Mayo Clinic's Symposium on Regenerative Medicine and Surgery will explore the challenges and opportunities of bringing next-generation biotherapeutics to patients. Julie Allickson, Ph.D., the Michael S. and Mary Sue Shannon Director of Mayo Clinic's Center for Regenerative Medicine, will deliver a keynote presentation addressing regulatory hurdles standing between the billions of dollars invested in regenerative therapies and the people who desperately need new options for healing.
"Last year, there was an almost a $20 billion investment in regenerative biotherapeutics. There's a significant investment, but not many products being licensed and generating commercialized solutions for patients. What are the challenges, and what are the obstacles," asks Dr. Allickson. "It requires a partnership to move new discoveries to licensure, engaging industry and working with government agencies to facilitate production of biotherapuetics." Dr. Allickson is also the Otto Bremer Trust Director, Biomanufacturing and Product Development, Center for Regenerative Medicine.
Registration is open for the Mayo Clinic Symposium on Regenerative Medicine & Surgery 2021, which will be held Nov. 4–7 at the JW Marriott Desert Ridge Resort and Spa in Phoenix. The symposium will offer in-person and online options. Conference attendees can earn 15.25 continuing medical education credits.
Regenerative medicine is an emerging area of practice that seeks to repair, replace or restore damaged cells, tissues or organs. Mayo Clinic's Center for Regenerative Medicine is at the forefront of this movement that is shifting the focus from fighting disease to rebuilding health.
Promising new regenerative discoveries must first clear regulatory approval from the Food and Drug Administration (FDA) before they are offered as new therapies in the clinic.
"Many factors are involved when it comes to advancing new regenerative medicine products, such as product variability, understanding product potency, scaling-up, and designing the appropriate preclinical studies," says Dr. Allickson.
FDA director to speak at symposium
With challenges come opportunities. Dr. Allickson says the FDA has provided new insights that can help physicians and scientists navigate regulatory pathways toward approval of new biotherapeutics.
After her keynote address, Dr. Allickson will lead a panel discussion, "Advanced Biomanufacturing: Clinical Translation Considerations." Peter Marks, M.D., Ph.D., director of the FDA's Center for Biologics Evaluation and Research, will speak in Dr. Allickson's session.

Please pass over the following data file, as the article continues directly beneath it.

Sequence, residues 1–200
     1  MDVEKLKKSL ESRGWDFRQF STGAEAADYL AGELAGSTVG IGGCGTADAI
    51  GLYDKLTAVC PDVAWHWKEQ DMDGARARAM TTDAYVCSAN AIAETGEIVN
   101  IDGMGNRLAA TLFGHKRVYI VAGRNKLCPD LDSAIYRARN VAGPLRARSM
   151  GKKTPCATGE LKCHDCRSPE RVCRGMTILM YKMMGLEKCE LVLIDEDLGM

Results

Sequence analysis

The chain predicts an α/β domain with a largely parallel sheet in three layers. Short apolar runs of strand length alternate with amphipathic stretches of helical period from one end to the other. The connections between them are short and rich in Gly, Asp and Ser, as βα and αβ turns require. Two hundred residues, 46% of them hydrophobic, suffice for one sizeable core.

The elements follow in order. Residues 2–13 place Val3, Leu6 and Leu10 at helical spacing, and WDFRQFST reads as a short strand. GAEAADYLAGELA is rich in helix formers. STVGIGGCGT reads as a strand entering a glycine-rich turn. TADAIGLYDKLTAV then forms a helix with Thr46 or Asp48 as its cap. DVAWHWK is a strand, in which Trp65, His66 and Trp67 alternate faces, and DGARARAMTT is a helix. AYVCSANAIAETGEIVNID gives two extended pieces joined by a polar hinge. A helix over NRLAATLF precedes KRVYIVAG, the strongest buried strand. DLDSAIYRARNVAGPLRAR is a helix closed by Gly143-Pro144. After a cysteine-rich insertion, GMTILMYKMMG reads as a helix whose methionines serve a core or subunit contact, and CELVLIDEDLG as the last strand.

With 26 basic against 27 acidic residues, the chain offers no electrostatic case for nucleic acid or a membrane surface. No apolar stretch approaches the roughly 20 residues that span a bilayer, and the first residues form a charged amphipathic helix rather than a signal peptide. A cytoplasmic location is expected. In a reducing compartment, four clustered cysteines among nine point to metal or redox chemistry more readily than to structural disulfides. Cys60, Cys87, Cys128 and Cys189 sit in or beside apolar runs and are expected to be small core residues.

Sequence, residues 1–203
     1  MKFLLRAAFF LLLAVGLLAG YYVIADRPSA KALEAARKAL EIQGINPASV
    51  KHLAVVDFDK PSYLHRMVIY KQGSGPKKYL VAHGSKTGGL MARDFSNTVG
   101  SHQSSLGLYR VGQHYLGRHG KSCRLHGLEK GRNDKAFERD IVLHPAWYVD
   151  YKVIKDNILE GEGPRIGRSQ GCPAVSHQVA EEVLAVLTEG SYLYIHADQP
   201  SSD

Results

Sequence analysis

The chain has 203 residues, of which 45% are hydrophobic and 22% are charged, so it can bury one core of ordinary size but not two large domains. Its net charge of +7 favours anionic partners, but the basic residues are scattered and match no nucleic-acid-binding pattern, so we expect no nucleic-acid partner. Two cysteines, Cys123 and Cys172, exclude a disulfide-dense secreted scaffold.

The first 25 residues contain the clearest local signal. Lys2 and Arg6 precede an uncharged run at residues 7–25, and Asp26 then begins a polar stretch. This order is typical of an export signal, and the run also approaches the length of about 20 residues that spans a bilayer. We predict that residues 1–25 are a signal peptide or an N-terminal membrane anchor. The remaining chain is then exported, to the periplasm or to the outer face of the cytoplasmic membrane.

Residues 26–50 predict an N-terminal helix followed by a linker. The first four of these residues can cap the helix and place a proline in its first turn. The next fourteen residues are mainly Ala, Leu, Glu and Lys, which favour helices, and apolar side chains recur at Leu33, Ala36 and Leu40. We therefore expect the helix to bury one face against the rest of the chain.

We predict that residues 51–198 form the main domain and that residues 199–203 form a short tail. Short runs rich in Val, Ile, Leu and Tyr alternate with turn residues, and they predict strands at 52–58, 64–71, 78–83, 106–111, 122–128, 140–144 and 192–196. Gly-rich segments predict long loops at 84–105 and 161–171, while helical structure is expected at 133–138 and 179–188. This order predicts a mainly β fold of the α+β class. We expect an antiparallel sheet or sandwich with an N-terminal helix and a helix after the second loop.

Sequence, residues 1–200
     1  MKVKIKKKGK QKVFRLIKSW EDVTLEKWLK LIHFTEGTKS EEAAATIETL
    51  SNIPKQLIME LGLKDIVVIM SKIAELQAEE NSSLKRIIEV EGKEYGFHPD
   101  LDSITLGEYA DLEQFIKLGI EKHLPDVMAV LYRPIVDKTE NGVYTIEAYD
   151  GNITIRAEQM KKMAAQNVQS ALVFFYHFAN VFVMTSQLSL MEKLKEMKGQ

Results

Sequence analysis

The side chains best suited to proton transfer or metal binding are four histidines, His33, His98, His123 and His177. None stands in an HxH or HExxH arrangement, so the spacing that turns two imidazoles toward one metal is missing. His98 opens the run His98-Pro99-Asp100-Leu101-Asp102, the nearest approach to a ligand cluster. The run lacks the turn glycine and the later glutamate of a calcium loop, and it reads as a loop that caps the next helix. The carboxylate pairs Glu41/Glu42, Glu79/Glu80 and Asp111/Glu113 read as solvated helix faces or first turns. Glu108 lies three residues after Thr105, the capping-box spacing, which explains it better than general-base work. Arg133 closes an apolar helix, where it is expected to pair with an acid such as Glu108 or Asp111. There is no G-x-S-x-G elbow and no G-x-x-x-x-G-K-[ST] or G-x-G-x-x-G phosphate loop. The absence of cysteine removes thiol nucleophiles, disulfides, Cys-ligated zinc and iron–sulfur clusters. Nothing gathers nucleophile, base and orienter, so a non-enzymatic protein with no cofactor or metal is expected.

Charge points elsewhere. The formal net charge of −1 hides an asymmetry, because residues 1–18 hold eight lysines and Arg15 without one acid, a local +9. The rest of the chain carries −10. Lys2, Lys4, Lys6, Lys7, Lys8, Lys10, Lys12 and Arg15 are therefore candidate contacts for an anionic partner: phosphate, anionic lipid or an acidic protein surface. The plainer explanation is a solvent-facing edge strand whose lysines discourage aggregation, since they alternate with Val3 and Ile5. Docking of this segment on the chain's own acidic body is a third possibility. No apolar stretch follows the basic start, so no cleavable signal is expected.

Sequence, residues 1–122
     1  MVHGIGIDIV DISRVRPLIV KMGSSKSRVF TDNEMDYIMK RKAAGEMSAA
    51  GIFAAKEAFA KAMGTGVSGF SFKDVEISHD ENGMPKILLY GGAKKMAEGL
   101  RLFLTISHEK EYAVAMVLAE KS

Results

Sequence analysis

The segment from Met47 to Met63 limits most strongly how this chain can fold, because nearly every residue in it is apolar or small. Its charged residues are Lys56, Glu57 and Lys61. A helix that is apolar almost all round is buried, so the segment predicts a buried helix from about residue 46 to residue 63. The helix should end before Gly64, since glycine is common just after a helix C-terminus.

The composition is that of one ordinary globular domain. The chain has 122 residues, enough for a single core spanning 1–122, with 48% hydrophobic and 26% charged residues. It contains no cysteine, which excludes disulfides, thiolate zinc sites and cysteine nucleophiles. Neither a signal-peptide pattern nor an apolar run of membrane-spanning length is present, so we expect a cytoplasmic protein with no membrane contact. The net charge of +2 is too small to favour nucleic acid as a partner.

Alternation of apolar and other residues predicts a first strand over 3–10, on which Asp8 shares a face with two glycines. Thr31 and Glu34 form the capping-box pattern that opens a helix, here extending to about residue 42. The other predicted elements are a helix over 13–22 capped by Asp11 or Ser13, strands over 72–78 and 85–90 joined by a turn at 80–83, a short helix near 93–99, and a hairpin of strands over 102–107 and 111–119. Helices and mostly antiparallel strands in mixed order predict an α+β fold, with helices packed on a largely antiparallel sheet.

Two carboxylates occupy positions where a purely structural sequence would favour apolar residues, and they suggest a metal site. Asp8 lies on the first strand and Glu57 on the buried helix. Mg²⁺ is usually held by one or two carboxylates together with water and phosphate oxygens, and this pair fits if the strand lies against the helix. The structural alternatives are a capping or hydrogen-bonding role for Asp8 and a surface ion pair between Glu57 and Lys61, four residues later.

Additional presenters on the panel are:
Additional keynote speakers include:
The Mayo Clinic Symposium on Regenerative Medicine & Surgery 2021 also will feature the latest innovations in regenerative immunotherapies, oncology, dermatology, surgery, cardiovascular medicine, neurosciences, orthopedic medicine, stem cell research, 3D printing, regenerative medicine education and transplant. In addition, Richard Gray, M.D., CEO of Mayo Clinic in Arizona, will moderate a session with senior policymakers on emerging regenerative medicine initiatives and their economic impact.
"The Mayo Symposium on Regenerative Medicine & Surgery is a world-class conference that is bringing together physicians, scientists, allied health staff and policymakers from around the globe to share research and best practices in this emerging area of health care," says Richard Hayden, M.D., deputy director of Education for the Center for Regenerative Medicine, and the symposium's course director. "This is a unique opportunity to interact with experts across the spectrum of discovery, translation and application."
View the agenda to learn more about the speakers and breakout sessions at the Mayo Clinic Symposium on Regenerative Medicine & Surgery 2021.
Attendees will have access to keynote presentations, breakout sessions, networking and poster presentations. The symposium is open to those who are interested in regenerative medicine therapies and techniques.
Mayo Clinic is closely monitoring COVID-19 prevalence and may adjust live course attendance limits, as advised by the Centers for Disease Control and Prevention, public health authorities and other guidance. Attendees must show proof of a COVID-19 vaccination and a negative COVID-19 test within 72 hours of attending the symposium.
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